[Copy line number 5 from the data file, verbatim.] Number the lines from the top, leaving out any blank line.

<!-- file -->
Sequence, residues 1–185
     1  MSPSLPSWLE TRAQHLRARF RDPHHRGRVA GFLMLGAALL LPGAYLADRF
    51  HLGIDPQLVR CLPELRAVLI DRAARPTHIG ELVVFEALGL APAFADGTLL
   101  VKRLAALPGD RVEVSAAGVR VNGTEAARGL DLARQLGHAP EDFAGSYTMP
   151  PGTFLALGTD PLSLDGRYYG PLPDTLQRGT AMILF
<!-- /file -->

   151  PGTFLALGTD PLSLDGRYYG PLPDTLQRGT AMILF